Community groups and some small business sectors are upset that they have been left off the invitation list for Prime Minister John Key's Jobs Summit in Manukau on Friday.
The guest list, released on Monday night, includes only three people from the community sector: Auckland City Missioner Diane Robertson, Salvation Army social services director Campbell Roberts and a policy adviser for the disability group DPA, Wendi Wicks.
Instead, 118 of the 194 invited are from the business sector - mostly from big businesses (62) and finance (22), but including 30 from smaller businesses and sector groups and four from state-owned enterprises.
The rest are from central and local government, education and training organisations, unions, iwi groups and a handful of academics and researchers.
The list includes 165 men and just 30 women. At least 20 are Maori, but only two are known to be of part-Pacific Island heritage: Rick Fala of the tap maker Methven and NZ Super Fund chief executive Adrian Orr.
Fletcher Building chief executive Jonathan Ling will be the sole flagbearer for the Asian community.
The director of the Federation of Voluntary Welfare Organisations, Tina Reid, said she was "really disappointed" there was no link between a meeting of community groups and charitable funders taking place today and the Friday summit.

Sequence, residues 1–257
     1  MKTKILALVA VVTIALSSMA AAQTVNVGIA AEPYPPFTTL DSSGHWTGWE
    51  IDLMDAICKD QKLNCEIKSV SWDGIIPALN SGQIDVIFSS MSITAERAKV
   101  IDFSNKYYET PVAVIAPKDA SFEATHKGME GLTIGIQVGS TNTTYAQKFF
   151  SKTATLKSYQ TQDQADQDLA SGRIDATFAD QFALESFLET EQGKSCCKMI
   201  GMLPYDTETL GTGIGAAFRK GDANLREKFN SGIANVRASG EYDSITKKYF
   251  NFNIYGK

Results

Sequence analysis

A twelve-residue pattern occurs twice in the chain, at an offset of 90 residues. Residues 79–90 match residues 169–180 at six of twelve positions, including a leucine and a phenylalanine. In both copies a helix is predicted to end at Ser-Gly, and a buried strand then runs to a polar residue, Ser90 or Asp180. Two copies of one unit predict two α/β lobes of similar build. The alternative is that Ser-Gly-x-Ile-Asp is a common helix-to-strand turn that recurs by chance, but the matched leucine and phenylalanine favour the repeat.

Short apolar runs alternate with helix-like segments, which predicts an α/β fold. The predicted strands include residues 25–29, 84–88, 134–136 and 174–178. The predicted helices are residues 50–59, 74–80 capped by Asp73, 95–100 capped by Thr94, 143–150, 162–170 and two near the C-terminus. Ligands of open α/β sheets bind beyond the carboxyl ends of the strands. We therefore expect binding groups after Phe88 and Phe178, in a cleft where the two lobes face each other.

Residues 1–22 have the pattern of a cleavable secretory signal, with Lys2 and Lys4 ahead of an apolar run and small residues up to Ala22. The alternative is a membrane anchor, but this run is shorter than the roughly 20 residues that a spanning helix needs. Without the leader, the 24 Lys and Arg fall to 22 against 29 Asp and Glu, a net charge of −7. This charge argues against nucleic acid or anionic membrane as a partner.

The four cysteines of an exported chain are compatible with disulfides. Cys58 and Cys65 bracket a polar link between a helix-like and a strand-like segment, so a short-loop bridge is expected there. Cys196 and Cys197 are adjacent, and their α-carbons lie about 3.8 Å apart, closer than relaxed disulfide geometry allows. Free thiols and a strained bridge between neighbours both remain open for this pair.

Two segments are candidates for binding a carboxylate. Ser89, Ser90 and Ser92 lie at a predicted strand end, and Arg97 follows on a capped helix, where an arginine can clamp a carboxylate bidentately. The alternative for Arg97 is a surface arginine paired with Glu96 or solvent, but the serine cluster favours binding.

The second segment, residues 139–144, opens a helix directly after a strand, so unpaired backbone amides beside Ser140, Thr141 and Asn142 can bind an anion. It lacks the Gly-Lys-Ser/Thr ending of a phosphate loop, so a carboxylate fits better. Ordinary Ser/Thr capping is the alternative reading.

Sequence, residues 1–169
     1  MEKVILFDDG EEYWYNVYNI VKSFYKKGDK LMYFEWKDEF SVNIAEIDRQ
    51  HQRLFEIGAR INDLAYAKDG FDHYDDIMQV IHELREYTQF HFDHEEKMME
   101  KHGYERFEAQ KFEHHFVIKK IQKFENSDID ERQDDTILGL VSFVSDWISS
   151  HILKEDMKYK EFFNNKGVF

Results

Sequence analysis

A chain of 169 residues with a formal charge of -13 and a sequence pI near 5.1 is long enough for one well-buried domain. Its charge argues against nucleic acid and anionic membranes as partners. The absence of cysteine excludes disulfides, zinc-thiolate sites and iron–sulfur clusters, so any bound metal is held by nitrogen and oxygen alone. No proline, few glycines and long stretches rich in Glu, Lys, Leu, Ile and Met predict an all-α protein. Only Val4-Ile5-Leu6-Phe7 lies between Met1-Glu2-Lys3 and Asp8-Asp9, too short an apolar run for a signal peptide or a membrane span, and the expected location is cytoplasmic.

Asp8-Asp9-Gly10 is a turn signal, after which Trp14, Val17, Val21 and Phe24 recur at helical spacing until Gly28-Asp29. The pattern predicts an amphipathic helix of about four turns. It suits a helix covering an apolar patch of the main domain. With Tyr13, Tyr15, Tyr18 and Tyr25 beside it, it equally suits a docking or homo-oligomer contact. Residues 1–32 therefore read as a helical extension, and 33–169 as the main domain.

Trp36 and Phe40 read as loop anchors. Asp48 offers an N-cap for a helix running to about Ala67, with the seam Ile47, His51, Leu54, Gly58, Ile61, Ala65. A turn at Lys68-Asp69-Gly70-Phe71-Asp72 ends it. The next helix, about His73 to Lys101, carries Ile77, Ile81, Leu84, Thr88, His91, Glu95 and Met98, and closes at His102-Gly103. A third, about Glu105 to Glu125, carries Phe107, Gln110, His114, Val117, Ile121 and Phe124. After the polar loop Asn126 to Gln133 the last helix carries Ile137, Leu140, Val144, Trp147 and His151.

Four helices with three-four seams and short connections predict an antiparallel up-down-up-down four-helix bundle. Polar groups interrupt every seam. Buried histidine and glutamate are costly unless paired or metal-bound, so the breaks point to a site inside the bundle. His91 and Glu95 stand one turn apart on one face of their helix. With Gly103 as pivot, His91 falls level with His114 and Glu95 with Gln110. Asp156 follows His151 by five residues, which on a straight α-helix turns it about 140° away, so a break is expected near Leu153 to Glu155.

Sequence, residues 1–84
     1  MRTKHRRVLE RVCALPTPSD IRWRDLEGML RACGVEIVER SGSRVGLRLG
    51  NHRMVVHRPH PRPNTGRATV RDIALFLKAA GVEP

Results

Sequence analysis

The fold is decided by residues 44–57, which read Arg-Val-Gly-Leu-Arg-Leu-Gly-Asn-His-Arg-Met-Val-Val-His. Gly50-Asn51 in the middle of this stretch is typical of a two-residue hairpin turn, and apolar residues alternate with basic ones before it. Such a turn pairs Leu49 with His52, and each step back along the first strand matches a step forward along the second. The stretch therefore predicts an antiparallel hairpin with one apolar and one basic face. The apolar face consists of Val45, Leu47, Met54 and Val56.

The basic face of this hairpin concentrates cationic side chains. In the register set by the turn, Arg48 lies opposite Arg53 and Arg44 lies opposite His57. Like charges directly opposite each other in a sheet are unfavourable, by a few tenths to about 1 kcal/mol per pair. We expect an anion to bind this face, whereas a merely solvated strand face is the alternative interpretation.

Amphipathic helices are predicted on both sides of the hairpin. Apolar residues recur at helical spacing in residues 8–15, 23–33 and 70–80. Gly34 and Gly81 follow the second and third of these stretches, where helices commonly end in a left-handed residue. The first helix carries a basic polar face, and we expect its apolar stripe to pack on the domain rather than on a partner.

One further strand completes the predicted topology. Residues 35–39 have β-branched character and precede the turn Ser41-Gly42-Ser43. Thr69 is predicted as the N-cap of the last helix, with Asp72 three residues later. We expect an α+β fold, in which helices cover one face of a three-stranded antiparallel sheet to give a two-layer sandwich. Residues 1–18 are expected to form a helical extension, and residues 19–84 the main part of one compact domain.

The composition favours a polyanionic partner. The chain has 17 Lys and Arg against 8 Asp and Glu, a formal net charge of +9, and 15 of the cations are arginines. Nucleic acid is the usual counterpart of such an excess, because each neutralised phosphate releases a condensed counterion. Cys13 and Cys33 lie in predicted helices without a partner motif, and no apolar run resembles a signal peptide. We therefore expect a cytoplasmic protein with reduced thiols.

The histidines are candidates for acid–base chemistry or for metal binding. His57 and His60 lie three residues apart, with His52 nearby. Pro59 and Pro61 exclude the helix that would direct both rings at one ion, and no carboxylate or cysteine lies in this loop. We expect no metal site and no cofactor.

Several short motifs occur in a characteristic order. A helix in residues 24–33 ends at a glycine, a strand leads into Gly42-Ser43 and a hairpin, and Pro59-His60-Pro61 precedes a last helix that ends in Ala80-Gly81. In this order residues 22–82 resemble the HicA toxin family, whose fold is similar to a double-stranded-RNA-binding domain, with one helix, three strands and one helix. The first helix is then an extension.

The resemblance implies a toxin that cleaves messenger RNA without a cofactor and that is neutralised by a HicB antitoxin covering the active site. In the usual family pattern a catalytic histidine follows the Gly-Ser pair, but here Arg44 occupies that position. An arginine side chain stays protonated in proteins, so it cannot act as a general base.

Many community groups face a funding crisis because trusts such as the ASB Trust and Bay Trust have lost money on overseas investments and have cancelled their first funding rounds this year.
"About 9.6 per cent of the economically active population are in our sector. We are a huge employer," Ms Reid said. "In hard times the community sector is also really important for providing people with opportunities for assistance, for volunteering, for strengthening community ties.
"So I would have hoped there would be a reasonable representation. I don't think three is reasonable."
Volunteering NZ director Tim Burns said he also applied to attend the jobs summit but was turned down, even though volunteering was a way to keep people "connected to the workforce" in a recession.
Motor Trade Association chief executive Stephen Matthews said small business groups like his were also disappointed to have been left out.
"We don't think small business is being represented here overly well."
Diane Robertson, who will co-chair a sub-group at the summit on "transition and adjustment arrangements", said she would push for more help from employers and from Work and Income for people who lose their jobs.
WHO WILL BE THERE
* Big business: 62
* Small business/ sector groups: 24
* Small hi-tech businesses: 6
* Finance: 22
* Central government: 30
* Local government: 10
* State-owned enterprises: 4
* Education & training: 8
* Academics & researchers: 4
* Unions: 12
* Iwi: 10
* Community: 3
* Total: 195